When cleaning or developing is common to forget which vis are no longer used or needed.

Currently the default front panel Alignment Grid Size is 12 pixels. It should be 10 pixels.


There is probably a reason why 12 pixels was selected many years ago, but is that reason still valid? Twelve pixels seems like an arbitrary number. Ten pixels would be more logical because is aligned with the decimal system.

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The Project Explorer Files view already contains the useful "Move on Disk..." option. It would be useful if, when a VI or CTL is owned by a lvclass or lvlib, an option named "Move to Owner Folder" (or similar) existed. This option would move the selected file to the folder that contains the lvclass or lvlib that owns that file. This action would be equivalent to using the "Move on Disk..." option, but would save the user from navigating the (potentially large) folder structure to find the right folder. In short, it would save a few seconds and would help ensure consistency. It would also encourage the best practice of storing owned VIs and CTLs in the same folder as their owner lvlib or lvclass (actions that are easy to do are performed more often).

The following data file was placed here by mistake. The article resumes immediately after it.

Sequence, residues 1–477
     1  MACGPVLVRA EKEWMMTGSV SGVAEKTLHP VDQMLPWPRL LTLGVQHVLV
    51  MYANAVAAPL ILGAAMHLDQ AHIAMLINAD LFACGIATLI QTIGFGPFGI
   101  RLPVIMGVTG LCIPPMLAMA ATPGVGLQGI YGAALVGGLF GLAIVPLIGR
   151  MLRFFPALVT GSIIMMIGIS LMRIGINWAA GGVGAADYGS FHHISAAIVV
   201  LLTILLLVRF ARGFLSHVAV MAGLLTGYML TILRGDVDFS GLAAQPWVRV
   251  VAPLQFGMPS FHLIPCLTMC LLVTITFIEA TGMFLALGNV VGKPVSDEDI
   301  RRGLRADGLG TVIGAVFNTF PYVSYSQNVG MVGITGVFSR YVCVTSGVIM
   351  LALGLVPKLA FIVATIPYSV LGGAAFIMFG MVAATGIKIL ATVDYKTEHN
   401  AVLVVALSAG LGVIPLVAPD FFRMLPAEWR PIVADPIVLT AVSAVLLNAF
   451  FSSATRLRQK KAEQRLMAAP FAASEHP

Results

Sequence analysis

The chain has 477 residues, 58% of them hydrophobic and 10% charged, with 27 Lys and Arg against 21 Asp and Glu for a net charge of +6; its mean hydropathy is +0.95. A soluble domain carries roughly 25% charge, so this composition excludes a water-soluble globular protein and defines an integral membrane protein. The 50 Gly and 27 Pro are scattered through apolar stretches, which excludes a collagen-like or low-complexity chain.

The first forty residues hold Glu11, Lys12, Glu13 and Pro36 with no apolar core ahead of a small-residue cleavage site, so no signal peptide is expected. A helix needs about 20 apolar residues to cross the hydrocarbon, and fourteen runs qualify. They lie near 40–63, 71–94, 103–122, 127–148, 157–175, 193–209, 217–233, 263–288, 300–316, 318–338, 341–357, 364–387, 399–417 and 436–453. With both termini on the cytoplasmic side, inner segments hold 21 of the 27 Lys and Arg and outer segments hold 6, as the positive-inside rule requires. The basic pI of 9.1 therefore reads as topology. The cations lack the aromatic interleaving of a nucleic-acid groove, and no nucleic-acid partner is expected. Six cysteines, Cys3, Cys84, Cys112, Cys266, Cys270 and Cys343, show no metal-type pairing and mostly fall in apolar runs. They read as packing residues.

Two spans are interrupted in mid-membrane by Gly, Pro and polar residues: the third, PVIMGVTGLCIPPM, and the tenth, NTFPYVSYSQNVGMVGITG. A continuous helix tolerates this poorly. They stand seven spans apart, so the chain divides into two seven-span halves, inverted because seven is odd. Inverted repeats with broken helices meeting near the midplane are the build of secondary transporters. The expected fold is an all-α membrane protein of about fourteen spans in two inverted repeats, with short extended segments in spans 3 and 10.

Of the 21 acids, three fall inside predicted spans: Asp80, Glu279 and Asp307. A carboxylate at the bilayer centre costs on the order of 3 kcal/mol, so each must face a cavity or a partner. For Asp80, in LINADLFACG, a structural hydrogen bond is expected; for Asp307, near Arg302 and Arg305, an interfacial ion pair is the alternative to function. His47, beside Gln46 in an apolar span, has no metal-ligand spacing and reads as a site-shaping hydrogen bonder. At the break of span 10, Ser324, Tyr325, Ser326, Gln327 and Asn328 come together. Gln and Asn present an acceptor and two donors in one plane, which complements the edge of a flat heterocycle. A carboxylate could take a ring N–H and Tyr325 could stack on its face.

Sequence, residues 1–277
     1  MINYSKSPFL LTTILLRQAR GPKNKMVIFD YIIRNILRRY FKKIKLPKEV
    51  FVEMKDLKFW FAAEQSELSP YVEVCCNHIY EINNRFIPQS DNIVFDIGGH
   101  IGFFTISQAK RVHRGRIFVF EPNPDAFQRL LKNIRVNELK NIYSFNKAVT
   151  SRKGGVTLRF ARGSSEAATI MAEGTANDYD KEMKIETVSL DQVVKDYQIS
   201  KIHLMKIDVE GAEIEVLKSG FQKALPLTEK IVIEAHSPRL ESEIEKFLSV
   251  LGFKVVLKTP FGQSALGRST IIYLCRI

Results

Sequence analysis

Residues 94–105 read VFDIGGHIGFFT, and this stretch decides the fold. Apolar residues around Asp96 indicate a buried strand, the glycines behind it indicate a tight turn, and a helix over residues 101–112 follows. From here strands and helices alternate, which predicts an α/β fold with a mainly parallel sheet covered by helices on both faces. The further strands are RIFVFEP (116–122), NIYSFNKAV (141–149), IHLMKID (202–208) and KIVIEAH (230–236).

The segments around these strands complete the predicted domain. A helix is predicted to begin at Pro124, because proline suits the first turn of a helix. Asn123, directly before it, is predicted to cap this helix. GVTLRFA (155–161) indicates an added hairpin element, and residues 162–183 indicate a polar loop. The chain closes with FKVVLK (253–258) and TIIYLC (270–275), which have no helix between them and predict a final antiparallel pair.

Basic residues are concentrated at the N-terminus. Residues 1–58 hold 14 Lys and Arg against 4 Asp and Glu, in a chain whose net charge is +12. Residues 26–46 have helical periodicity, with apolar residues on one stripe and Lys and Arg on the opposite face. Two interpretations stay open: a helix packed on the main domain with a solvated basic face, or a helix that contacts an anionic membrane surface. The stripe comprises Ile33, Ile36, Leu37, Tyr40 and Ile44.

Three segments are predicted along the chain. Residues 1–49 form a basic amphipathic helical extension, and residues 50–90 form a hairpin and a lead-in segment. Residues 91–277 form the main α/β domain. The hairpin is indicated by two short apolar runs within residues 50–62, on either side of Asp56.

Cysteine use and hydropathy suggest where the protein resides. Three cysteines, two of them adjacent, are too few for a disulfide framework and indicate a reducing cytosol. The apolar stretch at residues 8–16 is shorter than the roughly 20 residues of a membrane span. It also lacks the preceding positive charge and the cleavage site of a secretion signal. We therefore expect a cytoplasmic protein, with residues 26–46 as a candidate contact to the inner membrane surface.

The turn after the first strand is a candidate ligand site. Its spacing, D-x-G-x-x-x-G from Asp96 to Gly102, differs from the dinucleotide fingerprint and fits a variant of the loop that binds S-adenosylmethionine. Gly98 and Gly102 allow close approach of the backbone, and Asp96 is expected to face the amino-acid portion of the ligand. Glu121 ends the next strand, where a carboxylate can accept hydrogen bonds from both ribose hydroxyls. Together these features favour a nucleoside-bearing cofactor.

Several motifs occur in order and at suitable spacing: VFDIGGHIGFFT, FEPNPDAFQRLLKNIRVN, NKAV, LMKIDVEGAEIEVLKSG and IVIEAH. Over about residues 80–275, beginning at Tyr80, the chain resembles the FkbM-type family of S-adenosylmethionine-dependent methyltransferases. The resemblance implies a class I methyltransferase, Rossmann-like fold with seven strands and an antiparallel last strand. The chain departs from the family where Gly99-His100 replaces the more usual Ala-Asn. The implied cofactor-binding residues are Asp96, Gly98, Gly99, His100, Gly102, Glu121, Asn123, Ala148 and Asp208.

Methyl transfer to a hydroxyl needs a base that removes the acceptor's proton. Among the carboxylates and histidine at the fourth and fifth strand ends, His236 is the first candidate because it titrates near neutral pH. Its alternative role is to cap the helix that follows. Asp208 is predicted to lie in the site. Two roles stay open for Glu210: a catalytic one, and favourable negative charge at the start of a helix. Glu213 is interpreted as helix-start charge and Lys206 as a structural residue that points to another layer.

For example

Screenshot 1: A project that contains two libraries





















Screenshot 2: In the Items view, the mouse was used to drag from Library 1.lvlib to Library 2.lvlib

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Screenshot 3: Typically, I would now press Ctrl + E to switch to the Files view, right-click the file, and select "Move on Disk...".

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  • It would be great if the "Move to Owner Folder" menu item was also available when multiple items that are owned by the same owner are selected.
  • A related idea: It would be useful if, when using the Items view to move an item from an owner to another, LabVIEW would pop up a dialogue message similar to the following "Would you also like to move the file on disk to folder <insert here the folder path of the new owner>?". The dialogue would contain Yes and No buttons. This would save the user from having to switch to the Files view altogether.


It would be useful if a "Keep Text Only" (a.k.a. "Paste Values" or "Use Destination Style") option existed when pasting text into control and indicator labels, captions, or values.



Screenshot 1: A GUI element (control or indicator) with a custom, non-default label and value (contents) font style.